FMCSA Publicly Releases Incorrect CSA Data
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FMCSA Publicly Releases Incorrect CSA Data – Something Needs to Change


The Federal Motor Carrier Safety Administration’s (FMCSA) compliance, safety, and data (CSA) tracking system has been criticized for its inability to accurately evaluate individual drivers and rate carrier safety.

While the program aims to pinpoint safety violations, crashes, and other roadside data, it currently accounts for incidents that inaccurately represent driver and carrier safety. This can include the truck being hit while motionless or unoccupied and other events where the driver is not at fault. This information affects which companies that shippers, consumers, and enterprises choose to hire.

How the Current CSA System Works

The five-year-old system currently tracks data based on BASICs (behavior, analysis, and safety improvement categories) as well as crash involvement. While congress is being urged to re-evaluate the effectiveness of this accountability system, it currently aims to identify safety problems and advise carriers and drivers not only of the occurrence of these issues, but how to improve safety data and prevent future problems. This works in the following ways:

  • Data from roadside inspections, safety violations, crashes, injuries, and fatalities is assessed alongside motor carrier census information. This can track the frequency and severity of incidents and violations.
  • Using this information, the FMCSA implements Safety Measurement System (SMS) Scores to track behavior and bring the carrier’s and driver’s attention to issues. This can manifest as a letter of warning, inspections, or audits. In the event that these countermeasures fail to improve SMS scores, the carrier may be forced to cease operations.

Currently, the process for improving CSA scores (even those with misrepresented data) includes the following:

  • Addressing consistent problems. Violations and compliance information will need to be checked against driver behavior or vehicle conditions.
  • Showing agreement. Companies under review will need to take advantage of the training and counseling recommended by CSA reports.
  • Taking initiative. Carriers should stringently track driver and vehicle data on their own. Making preemptive efforts to keep vehicles functioning and drivers at the top of their games can help, but of course, this will not fix the SMS scoring problem currently being debated.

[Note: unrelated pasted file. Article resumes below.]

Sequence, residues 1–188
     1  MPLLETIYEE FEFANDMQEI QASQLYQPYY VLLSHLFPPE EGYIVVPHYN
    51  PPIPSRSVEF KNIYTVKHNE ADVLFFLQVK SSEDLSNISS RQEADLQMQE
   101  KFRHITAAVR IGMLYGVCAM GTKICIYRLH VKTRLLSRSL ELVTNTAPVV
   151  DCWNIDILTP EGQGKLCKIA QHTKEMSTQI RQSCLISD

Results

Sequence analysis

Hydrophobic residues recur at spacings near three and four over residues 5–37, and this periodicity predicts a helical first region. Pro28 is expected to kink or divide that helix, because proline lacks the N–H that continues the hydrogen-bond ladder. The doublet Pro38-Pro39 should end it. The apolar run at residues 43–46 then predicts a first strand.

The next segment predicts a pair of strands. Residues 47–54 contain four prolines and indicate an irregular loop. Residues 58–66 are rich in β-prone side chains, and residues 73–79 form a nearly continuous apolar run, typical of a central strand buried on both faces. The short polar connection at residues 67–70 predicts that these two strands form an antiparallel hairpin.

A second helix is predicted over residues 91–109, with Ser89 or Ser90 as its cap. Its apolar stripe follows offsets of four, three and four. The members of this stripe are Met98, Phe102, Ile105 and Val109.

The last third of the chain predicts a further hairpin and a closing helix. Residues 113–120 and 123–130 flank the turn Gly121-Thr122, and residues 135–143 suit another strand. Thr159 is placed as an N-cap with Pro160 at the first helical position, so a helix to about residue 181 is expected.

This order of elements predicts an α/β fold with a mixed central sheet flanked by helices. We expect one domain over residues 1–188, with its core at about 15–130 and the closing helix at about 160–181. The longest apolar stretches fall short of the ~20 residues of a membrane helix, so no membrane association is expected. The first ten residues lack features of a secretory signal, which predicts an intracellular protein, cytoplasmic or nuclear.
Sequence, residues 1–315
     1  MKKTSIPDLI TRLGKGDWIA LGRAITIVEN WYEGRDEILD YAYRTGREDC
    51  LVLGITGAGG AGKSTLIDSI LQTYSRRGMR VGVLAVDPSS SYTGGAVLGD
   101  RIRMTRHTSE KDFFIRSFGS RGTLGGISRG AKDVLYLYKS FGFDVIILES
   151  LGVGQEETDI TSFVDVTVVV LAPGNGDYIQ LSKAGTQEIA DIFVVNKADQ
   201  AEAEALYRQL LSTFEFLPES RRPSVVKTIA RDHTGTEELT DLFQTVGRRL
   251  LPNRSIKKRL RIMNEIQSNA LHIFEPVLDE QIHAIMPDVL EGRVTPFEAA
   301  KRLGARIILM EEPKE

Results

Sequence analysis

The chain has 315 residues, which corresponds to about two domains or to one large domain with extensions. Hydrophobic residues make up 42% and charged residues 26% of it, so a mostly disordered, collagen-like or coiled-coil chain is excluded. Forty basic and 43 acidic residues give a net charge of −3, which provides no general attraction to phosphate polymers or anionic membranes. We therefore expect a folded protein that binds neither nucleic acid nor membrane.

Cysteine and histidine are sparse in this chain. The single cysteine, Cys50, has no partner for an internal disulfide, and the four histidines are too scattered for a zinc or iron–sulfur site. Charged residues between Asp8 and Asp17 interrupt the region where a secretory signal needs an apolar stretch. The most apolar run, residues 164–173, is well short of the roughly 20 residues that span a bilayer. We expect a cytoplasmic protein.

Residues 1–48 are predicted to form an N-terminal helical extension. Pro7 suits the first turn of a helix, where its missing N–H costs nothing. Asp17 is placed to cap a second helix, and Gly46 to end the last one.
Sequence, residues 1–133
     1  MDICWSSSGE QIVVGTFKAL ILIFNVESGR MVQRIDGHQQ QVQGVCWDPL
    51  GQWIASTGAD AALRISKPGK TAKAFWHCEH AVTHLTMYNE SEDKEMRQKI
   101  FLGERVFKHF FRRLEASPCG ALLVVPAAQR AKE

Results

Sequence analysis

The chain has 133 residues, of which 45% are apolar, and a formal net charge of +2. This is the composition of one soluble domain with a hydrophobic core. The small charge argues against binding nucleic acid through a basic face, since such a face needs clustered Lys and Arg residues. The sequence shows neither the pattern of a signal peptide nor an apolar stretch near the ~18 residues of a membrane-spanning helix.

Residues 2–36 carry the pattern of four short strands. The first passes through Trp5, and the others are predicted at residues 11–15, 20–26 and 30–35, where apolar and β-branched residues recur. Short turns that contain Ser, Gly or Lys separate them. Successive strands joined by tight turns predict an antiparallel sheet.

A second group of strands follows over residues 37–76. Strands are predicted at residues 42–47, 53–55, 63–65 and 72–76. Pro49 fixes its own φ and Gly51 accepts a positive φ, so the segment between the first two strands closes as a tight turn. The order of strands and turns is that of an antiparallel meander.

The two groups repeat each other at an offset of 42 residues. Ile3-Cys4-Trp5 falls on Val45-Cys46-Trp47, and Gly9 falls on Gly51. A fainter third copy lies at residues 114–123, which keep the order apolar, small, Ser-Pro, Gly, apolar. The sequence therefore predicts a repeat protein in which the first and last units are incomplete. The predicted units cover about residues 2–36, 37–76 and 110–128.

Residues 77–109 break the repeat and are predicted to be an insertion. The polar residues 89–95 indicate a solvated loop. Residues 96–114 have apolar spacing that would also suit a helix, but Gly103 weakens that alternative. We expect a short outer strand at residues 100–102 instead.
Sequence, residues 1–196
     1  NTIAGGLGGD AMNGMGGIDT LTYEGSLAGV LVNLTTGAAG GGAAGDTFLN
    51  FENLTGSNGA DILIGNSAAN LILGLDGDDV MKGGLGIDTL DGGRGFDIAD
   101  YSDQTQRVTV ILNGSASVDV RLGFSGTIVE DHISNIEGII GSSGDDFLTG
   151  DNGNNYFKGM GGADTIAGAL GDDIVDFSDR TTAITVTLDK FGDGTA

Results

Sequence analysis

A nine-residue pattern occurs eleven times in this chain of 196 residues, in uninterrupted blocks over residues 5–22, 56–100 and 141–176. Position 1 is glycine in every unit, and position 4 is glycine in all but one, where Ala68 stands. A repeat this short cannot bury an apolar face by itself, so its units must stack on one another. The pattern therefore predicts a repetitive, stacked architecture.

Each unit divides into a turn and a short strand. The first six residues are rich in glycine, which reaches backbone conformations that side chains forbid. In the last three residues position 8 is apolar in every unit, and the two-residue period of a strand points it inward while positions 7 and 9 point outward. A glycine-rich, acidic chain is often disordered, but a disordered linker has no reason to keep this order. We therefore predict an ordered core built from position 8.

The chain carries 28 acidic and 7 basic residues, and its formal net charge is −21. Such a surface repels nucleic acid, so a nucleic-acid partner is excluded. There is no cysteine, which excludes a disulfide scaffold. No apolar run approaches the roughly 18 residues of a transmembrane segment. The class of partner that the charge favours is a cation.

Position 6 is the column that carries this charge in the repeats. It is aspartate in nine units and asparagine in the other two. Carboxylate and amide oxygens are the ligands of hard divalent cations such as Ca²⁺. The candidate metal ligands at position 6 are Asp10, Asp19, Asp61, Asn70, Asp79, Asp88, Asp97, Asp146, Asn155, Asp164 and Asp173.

Implementing Changes

With SMS scoring systems relying on data related to any and all incidents, and currently accounting for so much data beyond the driver’s or carrier’s fault, the American Trucking Association (ATA) is pleading that congress revise how CSA scores are collected.

According to the ATA, the FMCSA has limited resource with which to audit trucking companies. With a restricted ability to screen companies, refocusing on how roadside information is collected and which enterprises are evaluated will enable a more effective and efficient process, and ultimately, safer roads for everyone.

Unfortunately, data solutions relying on the current CSA scoring system are proving difficult. Apps and similar methods of publishing SMS safety data, such as QCMobile, present the problem of simply spreading inaccurate information. Therefore, it may be necessary to implement change at a grass roots’ level, applying what the ATA has deemed “common sense” solutions.

Possible Data Solutions

The key to eliminating specious info and separating causation from correlation relies on accurately collecting roadside data and implementing a system to more comprehensively evaluate the factors at play. While safety violations still need to be tracked and reduced, it is important to account for incidents that do not penalize a faultless driver.

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